Close Menu

SAN FRANCISCO (GenomeWeb) – Longer sequencing reads are better at detecting structural variants than shorter reads, and a new study illustrates why that is and identifies thousands of novel variants from well-characterized samples.

In addition, the study, published this week in Nature Methods, identifies differences between Pacific Biosciences' and Oxford Nanopore Technologies' sequencing platforms.

Get the full story with
GenomeWeb Premium

Only $95 for the
first 90 days*

GenomeWeb Premium gives you:
✔ Full site access
✔ Interest-based email alerts
✔ Access to archives

Never miss another important industry story.

Try GenomeWeb Premium now.

You may already have institutional access!

Check if I qualify.

Already a GenomeWeb or 360Dx Premium member?
Login Now.

*Before your trial expires, we’ll put together a custom quote with your long-term premium options.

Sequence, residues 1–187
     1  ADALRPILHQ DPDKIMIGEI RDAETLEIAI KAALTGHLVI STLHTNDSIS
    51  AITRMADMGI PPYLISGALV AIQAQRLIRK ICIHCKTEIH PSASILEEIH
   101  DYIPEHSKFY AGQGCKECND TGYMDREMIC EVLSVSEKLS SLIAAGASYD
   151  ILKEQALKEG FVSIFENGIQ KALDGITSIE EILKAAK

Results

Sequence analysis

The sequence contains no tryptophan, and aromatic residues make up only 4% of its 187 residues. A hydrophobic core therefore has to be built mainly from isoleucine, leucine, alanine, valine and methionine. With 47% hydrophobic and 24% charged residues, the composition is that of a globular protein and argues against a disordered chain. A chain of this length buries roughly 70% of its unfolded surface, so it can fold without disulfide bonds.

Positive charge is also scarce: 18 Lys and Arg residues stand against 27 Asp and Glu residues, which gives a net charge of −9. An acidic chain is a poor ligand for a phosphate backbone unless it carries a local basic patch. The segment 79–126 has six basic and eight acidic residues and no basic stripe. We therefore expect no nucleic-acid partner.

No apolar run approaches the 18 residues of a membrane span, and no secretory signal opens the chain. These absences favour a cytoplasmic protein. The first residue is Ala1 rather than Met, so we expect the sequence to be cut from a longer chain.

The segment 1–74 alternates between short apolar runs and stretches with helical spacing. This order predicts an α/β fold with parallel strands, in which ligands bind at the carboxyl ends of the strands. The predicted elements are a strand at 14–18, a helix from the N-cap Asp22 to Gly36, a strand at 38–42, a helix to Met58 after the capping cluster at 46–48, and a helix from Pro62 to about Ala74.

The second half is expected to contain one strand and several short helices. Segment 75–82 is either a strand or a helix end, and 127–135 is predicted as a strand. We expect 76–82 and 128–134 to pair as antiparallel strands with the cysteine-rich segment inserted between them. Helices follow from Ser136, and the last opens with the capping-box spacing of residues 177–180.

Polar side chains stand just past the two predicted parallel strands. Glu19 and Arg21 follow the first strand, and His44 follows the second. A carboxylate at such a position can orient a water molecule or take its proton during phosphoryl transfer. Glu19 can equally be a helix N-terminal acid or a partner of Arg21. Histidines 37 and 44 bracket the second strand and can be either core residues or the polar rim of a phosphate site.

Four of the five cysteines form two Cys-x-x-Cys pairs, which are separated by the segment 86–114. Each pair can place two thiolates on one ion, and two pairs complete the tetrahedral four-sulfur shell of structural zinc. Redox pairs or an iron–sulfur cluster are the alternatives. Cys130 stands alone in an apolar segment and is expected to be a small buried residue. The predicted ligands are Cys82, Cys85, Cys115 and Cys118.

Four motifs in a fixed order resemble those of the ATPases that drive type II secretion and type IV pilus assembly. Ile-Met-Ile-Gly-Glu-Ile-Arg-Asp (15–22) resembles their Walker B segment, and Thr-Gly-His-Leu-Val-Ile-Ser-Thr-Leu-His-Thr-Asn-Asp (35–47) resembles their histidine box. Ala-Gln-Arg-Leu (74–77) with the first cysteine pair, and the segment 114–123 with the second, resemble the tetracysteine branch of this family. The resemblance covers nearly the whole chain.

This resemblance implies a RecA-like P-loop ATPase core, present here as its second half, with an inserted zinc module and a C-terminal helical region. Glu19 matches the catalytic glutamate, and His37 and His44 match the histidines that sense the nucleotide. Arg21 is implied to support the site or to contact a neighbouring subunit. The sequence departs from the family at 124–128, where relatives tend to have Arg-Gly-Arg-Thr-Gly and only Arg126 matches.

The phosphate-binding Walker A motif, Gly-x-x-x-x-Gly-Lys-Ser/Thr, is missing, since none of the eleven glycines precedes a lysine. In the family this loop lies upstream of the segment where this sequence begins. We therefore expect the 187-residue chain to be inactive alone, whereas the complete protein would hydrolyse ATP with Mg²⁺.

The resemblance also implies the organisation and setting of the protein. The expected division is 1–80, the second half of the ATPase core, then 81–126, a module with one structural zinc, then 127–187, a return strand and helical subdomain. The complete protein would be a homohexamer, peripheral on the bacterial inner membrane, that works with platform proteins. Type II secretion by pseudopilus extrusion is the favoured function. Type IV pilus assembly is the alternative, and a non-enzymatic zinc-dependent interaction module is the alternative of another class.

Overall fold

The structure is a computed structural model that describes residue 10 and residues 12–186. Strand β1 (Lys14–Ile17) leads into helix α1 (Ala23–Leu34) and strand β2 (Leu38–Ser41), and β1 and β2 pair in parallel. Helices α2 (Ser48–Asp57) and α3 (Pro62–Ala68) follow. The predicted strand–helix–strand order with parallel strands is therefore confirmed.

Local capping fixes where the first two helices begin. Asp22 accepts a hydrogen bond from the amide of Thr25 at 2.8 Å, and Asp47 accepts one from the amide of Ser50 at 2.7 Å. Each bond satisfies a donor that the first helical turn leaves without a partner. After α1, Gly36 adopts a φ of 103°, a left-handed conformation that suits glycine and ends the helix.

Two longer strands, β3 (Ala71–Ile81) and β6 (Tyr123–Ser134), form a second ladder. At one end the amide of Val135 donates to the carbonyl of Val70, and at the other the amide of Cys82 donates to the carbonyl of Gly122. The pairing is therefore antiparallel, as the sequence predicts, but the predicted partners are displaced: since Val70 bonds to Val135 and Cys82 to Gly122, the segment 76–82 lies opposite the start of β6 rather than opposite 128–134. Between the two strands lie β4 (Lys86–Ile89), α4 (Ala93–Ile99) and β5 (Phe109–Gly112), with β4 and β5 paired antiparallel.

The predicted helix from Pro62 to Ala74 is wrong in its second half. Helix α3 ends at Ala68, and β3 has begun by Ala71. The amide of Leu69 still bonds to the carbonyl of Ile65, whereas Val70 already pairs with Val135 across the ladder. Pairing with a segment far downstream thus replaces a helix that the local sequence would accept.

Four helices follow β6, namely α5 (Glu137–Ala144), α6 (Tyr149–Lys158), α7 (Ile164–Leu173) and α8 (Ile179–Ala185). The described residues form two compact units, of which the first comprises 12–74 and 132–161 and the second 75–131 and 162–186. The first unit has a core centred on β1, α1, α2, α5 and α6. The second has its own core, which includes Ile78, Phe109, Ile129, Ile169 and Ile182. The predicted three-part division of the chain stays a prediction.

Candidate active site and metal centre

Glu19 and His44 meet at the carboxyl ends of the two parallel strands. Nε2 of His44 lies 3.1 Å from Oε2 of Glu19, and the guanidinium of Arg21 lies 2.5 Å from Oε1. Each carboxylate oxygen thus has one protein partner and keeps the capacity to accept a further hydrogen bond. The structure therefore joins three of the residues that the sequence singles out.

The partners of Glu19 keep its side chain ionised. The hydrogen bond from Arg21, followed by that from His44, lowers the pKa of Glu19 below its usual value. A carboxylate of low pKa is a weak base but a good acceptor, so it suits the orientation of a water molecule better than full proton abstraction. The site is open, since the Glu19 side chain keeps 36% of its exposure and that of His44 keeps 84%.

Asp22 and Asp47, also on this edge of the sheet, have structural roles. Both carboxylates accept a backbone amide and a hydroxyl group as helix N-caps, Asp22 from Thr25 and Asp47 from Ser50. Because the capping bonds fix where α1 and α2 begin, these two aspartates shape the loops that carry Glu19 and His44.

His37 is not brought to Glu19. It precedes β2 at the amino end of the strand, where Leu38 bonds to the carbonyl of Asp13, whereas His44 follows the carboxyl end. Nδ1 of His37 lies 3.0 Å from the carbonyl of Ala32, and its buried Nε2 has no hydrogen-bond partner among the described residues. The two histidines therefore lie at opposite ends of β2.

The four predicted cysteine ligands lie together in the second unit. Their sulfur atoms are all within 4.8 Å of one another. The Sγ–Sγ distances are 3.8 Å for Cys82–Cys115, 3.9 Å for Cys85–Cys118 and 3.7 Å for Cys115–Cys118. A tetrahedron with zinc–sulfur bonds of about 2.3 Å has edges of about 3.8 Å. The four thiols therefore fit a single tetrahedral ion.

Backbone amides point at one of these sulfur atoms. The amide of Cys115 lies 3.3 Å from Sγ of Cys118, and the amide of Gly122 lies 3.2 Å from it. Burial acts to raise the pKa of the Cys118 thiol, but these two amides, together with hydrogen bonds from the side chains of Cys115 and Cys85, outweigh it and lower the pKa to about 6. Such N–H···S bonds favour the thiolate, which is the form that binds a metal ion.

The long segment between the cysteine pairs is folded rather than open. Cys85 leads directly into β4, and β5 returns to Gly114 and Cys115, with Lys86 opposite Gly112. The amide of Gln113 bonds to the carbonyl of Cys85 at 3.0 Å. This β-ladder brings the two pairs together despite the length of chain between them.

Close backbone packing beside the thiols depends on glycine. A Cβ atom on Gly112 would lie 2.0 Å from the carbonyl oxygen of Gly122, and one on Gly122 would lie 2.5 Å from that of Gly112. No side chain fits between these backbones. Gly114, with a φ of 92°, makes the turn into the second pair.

Not ready for premium?

Register for Free Content
You can still register for access to our free content.

A new blood test might be able to detect the presence of some 50 cancers, according to New Scientist.

Undark looks into how coronavirus-related shutdowns are affecting field researchers.

In PNAS this week: strategies to design DNA oligonucleotide probes for bacteria, Vibrio cholerae evolution in Haiti, and more.

NPR reports that graduate students in the US are helping with SARS-CoV-2 testing.

May
06
Sponsored by
Isoplexis

This webinar will discuss the application of single-cell proteomics and immune-imaging in adoptive cell therapy (ACT) for cancer.